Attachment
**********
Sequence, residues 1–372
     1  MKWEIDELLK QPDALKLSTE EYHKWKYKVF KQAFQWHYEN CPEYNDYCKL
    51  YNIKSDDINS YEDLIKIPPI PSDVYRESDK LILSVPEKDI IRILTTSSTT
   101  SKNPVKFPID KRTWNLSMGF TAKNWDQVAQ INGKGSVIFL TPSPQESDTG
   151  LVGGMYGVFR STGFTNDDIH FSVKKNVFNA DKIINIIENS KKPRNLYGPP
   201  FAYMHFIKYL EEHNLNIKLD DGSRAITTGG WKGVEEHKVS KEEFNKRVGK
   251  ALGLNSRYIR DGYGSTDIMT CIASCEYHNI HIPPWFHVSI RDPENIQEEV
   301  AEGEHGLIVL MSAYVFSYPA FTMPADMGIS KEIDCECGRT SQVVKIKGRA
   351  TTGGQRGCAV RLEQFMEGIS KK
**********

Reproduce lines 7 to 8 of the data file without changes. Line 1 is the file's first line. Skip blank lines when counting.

   251  ALGLNSRYIR DGYGSTDIMT CIASCEYHNI HIPPWFHVSI RDPENIQEEV
   301  AEGEHGLIVL MSAYVFSYPA FTMPADMGIS KEIDCECGRT SQVVKIKGRA